They rebounded the following two games in Edmonton’s blowout victories, with a 61% shot attempt share, 63% expected goal share, and a 100% (!!) goal and high danger chance differential. Of course, the entire team was excellent in those games, but that pair certainly played a considerable role.
However, they struggled in Game 4, and were exceptionally poor in Game 5. Bouchard was on-ice for two goals against, Keith was on-ice for three goals against, and they posted a dreadful xGF% of 31% together in G5.
In the regular season, Los Angeles ranked 2nd in the league in Controlled Zone Entries, 2nd in Successful Zone Exits, and 5th in Entries with Chances. As mentioned previously, they’re a marvellous team at generating offence off of transitional and neutral zone play.
Here’s a glance at how well Keith and Bouchard defend the entry.
Bouchard’s results are fascinating; he does a fine job at preventing controlled entries against, and is above-average at denying the blue-line, but he’s prone to allowing a high amount of rush chances against. Meanwhile, Keith is likely a bottom-five defenceman in the league at defending the rush, in regards to both denying the blue-line and preventing rush chances against.
Keith still remains an intelligent player in my opinion. Barring those occasional turnovers and errors, he’s typically OK in the DZ, but his rapidly declining foot speed causes him to be consistently burned off the rush. Bouchard’s Denials and Carry Against% is certainly not enough to make up for it.
They rebounded once again on Thursday night, and were fine defensively, but they’ll need to maintain this performance into Game 7.
The excellent defensive play of Brett Kulak
On the contrary, here’s how Brett Kulak’s entry defence results look.
What a fresh breath of air.
Kulak’s most valuable facets are his smooth skating abilities and his entry defence. He consistently steps up at the blue-line at an exceedingly high rate, and also excels at suppressing rush chances.
After Nurse was suspended one game for headbutting, Kulak was deployed as the 1LD in his absence in Game 6, and he certainly rose to the occasion with a splendid performance.
Kulak finished 2nd among defencemen in TOI, at 21:19. With Kulak on-ice at 5v5, scoring chances were 15 – 8 in favour of Edmonton, and high danger chances were 7 – 3. By my eye, he was aggressive at the blue-line all game long, including one notable zone denial mid-way through the first period. He and Ceci were a very reliable pair, and if it wasn’t for the fact that Nurse’s best defensive results come alongside Ceci, I would have liked to see more of the Kulak – Ceci duo.
In this series, Kulak leads all Oilers D-men in xGF%, at 57%, and it isn’t too shocking either; he’s an excellent fit against Los Angeles’ transition-heavy system from a defensive standpoint.
The Oilers should strongly consider extending him this off-season, and he should be relatively cheap.
Leon Draisaitl’s injury
It seems like Draisaitl has been hampered with some sort of injury for a while now. It got worse in Game 6, with a cheap play by Mikey Anderson (seems like a slew-foot in my eyes) that resulted in Draisaitl temporarily heading to the dressing room, but he did return. He wound up having the primary helper on the eventual game-winning goal by Tyson Barrie.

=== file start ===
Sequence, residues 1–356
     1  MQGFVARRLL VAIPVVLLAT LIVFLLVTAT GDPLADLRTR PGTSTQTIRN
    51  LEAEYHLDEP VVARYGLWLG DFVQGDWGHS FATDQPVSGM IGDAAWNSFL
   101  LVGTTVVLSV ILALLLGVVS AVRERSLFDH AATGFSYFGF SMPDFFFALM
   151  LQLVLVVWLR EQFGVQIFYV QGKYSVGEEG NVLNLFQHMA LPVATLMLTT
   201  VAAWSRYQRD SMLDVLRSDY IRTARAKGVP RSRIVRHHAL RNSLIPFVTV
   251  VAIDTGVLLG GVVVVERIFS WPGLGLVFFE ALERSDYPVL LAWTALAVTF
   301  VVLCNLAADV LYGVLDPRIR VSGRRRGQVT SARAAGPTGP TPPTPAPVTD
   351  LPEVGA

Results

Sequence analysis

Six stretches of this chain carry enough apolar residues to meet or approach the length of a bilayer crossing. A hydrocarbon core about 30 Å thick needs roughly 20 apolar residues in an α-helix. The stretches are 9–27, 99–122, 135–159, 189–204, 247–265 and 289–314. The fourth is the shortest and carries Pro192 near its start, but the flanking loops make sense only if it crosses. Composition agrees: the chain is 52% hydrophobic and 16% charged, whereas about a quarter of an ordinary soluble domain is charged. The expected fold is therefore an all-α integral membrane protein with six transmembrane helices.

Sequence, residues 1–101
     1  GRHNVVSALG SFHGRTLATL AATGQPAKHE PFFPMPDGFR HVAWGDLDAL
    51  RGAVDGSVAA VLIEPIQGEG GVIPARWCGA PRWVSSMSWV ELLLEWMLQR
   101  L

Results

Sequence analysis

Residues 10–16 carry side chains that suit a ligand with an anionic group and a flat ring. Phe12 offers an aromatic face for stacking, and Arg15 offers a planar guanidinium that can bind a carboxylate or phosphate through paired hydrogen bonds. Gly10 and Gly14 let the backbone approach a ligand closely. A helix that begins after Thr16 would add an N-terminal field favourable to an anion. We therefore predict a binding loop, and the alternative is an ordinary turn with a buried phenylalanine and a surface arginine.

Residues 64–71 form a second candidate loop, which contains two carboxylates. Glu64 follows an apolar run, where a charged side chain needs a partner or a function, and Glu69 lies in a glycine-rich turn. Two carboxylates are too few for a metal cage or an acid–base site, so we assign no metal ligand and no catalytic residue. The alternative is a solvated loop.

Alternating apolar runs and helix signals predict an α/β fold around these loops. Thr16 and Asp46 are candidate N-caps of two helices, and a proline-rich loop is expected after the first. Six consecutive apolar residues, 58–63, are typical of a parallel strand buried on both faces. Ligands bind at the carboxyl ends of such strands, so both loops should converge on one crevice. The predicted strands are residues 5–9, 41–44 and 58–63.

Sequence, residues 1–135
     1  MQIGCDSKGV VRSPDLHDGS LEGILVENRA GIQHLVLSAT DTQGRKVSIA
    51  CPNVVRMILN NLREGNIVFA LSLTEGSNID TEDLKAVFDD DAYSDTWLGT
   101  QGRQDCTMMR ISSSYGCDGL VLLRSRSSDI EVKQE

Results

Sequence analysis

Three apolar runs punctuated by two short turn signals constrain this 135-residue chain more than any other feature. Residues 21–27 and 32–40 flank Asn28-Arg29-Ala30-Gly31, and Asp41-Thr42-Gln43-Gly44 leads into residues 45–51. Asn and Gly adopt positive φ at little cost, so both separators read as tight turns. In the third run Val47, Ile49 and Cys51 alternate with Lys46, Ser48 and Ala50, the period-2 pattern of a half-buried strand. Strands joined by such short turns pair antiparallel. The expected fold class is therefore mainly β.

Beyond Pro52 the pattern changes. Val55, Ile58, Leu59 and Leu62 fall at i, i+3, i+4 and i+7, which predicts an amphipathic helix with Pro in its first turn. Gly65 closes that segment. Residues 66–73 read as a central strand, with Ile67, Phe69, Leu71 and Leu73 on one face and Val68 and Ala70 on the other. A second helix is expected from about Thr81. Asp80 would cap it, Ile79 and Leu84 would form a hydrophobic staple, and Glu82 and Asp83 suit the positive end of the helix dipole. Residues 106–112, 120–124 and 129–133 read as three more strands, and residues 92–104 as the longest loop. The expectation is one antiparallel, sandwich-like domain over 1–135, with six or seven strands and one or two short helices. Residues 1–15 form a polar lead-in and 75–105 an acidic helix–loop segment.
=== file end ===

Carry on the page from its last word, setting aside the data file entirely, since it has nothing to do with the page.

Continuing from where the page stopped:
His line has mightily struggled at 5v5. Los Angeles has out-scored the opposition 3 – 7 at 5v5 with Draisaitl on-ice, and his xGF% is merely at 43%. His metrics without McDavid are even worse, and besides Game 2, Danault’s line has crushed his line at 5v5.
It’s just not the play we’ve expected from him, but of course, it’s evident that he isn’t 100% healthy. He obviously has some sort of ankle/leg issue, and Mark Spector also mentioned after that game that he might be dealing with a back problem as well. Hopefully, he recovers soon, as Edmonton will undoubtedly need him to.
I thought he was especially poor in Game 5, and yet he still ended that game with two goals and an assist.
One thing I’ve come to love about Draisaitl is that even when he does struggle, he always seems to finish the night with a couple of points on the scoresheet, and it’s an indicator of just how talented he truly is.
“That’s what he does, he makes those plays in his sleep,” said Barrie. “He’s a talented guy, and one of the best passers you’ll ever see.”
“He’s a warrior,” said Woodcroft. “I don’t worry about him.”
It doesn’t need to be said, but tonight is an absolute must-win
I’ve mentioned this numerous times in prior articles, but this is the seventh year that the Oilers have had Connor McDavid on their roster. It’s the eighth year they’ve had Leon Draisaitl. Draisaitl will turn 27 in a couple of months, while McDavid turns 26 in less than a year.
With LA’s top defencemen (Drew Doughty) out of their lineup, alongside another top-six forward (Viktor Arvidsson), this is a series that Edmonton just can’t lose. Three first-round exits to teams considered the underdog in three consecutive years, would be unacceptable. I would predict that an Oilers loss tonight would result in major organizational changes.
Consequently, I think it’s fair to set the bar for success very high, especially considering their immense lack of success in the past decade.
Furthermore, the objective this season shouldn’t be merely making the playoffs or winning just one round, as they almost feel like false accomplishments in the grand scheme of things; the primary goal should be the Stanley Cup.
In several years, most people won’t look back at the 2021-22 campaign with satisfaction that Connor McDavid and the Oilers won a first-round series against a 99 point team. However, they certainly will appreciate this roster if they make a deep playoff run into the finals, and potentially win the cup.
I expect Rogers Place to be electric tonight, and hopefully, the urgency is high for the Edmonton Oilers.
It has to be.
Find me on Twitter (@NHL_Sid)
THE GAME 7 VIEWING PARTY